May 11, 2019 — “Our future is in the classroom. Let’s invest in it!” stated one red and white sign Wednesday in front of Siuslaw Elementary School.
As part of the statewide and national Red for Ed program, Siuslaw School District staff wore red on May 8 in support of funding Oregon’s schools to the requested amount of $9.13 billion, instead of the $8.87 billion budget planned for the state’s K-12 system.
Sporting signs reading “Class size counts,” “I stand with students” and “Fully fund Oregon schools,” staff lined up on Oak Street to greet school buses and cars, encouraging people to honk their support. After school, teachers participated in a “grade-in” at Nosh and Abby’s Legendary Pizza, where people were encouraged to talk to them about the district’s financial needs.
The day’s activities were planned by the Siuslaw Education Association.
According to Siuslaw Superintendent Andy Grzeskowiak, “Other school districts around Oregon are closing their doors or modifying operations due to teacher walk-outs. Knowing the value of our schools to the Florence community, the members of the Siuslaw Education Association have elected to participate in the ‘Oak Street Morning Greeting’ with educators dressed in symbolic red shirts rather than joining protests at the state capitol.”
Education was at the forefront all week as Florence Community PTA honored teachers and staff during Teacher Appreciation Week. Something fun was planned every day, including snacks, messages of support and themed days, including “You were mint to be appreciated” with breath mints and “You’re soup-er” with a prepared lunch.
On Thursday, students and PTA members wrote messages of appreciation in each of the staff parking lots.
“We in the Siuslaw schools use this time to honor all school staff during this week,” stated the Siuslaw Elementary website. “SES is a great place to be a kid because of the grown-ups we have on staff. Our students work with a number of adults every day at our schools.
The site continued, “Most of our students will meet bus drivers, playground monitors, office staff, kitchen staff, custodians or small group instructors even before they enter a classroom. Once the school day begins, they are all in a safe and caring environment with highly trained and committed teaches. It is here they can be motivated to reach their greatest potential.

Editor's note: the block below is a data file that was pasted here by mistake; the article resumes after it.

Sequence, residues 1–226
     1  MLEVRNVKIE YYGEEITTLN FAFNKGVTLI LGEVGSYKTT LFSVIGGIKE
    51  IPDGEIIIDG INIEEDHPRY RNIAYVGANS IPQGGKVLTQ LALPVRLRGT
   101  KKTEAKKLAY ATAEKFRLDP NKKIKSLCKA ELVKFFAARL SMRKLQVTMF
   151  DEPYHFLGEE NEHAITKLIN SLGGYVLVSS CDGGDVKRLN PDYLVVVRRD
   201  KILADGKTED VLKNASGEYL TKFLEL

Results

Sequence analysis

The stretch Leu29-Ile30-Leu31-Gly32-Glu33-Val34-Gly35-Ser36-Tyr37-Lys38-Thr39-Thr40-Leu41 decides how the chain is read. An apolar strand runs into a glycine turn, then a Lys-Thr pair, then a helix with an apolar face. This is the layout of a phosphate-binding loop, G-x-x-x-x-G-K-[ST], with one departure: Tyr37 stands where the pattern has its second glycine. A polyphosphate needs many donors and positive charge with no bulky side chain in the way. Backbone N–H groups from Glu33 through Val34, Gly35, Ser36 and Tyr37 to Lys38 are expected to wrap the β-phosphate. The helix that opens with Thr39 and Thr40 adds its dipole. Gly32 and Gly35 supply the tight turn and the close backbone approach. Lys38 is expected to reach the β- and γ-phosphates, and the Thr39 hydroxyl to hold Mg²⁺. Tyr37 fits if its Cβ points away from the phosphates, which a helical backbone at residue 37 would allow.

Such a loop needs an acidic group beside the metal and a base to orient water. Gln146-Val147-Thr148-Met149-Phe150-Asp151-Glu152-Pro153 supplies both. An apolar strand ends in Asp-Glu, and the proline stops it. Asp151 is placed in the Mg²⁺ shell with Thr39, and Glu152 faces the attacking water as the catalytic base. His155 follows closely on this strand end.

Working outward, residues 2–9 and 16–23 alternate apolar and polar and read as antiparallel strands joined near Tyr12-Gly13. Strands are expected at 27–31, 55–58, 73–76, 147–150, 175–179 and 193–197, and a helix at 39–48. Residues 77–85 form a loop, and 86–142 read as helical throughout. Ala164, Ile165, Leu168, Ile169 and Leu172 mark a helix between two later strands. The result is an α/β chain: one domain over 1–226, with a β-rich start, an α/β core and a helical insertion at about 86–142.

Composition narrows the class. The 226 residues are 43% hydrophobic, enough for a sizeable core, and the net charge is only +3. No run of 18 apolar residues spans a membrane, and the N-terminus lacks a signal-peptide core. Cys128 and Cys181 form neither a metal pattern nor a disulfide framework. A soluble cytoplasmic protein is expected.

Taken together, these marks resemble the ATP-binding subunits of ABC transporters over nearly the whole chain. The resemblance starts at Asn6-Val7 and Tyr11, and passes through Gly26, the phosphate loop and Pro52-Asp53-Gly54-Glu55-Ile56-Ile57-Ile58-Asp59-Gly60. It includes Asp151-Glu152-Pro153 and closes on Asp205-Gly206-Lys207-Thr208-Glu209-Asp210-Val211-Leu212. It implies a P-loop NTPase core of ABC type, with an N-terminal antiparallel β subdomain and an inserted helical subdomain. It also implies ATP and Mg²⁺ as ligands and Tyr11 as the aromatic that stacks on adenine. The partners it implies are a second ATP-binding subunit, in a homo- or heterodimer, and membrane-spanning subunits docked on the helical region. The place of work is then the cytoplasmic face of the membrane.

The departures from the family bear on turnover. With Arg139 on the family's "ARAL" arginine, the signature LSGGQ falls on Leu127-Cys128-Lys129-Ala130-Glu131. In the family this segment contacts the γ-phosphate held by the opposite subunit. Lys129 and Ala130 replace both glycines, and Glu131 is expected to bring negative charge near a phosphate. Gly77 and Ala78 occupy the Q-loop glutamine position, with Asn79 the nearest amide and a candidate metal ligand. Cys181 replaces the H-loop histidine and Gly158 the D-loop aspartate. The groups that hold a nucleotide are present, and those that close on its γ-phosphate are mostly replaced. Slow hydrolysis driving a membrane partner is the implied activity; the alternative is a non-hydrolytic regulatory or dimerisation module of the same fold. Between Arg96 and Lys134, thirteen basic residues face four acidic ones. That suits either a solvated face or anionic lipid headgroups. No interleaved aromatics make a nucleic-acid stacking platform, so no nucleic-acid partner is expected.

“We are proud to work with such a dedicated and professional group.”
In addition, the Siuslaw School Board met for its May meeting Wednesday evening. The board heard reports on the upcoming Scholarship Awards Night on Thursday, May 30, at 5:30 p.m.; the Health Occupations Student Association’s (HOSA) June trip to Orlando, Fla., for the 42nd Annual International Leadership Conference; Florence Community PTA’s two recent awards and more.
During the public comments period at the beginning of the meeting, Siuslaw senior Elizabeth Luevano presented to the board the Senior Class of 2019’s petition to have their teachers more involved with graduation night on June 7.
“Teaching takes a special kind of courage and compassion; and when it comes to our class, a very high patience level,” Luevano said. “The Class of 2019 wouldn’t have come this far without the teachers who were patient despite our impatience. The reason why we are here today is because we humbly request that teachers hand us our diplomas this year and the years to follow.”
Luevano and her friend Hannah Freudenthal gathered 70 signatures from senior students — representing nearly three-quarters of the class — to include with their letter to the board. Eight of the students attended the meeting along with concerned community members.
“We understand the significance that the handing of the diplomas has to the board, and we would just like to be clear that our intent is not malicious or disrespectful,” Luevano continued. “We greatly appreciate the hard work of the school board and we still would like you to be a part of our graduation — and that is why we are requesting this compromise. We request that two teachers of our class’s choosing hands us our diplomas, and before we return to our seats, we shake hands with the board members to thank you for all the hard work you have done for our school district.”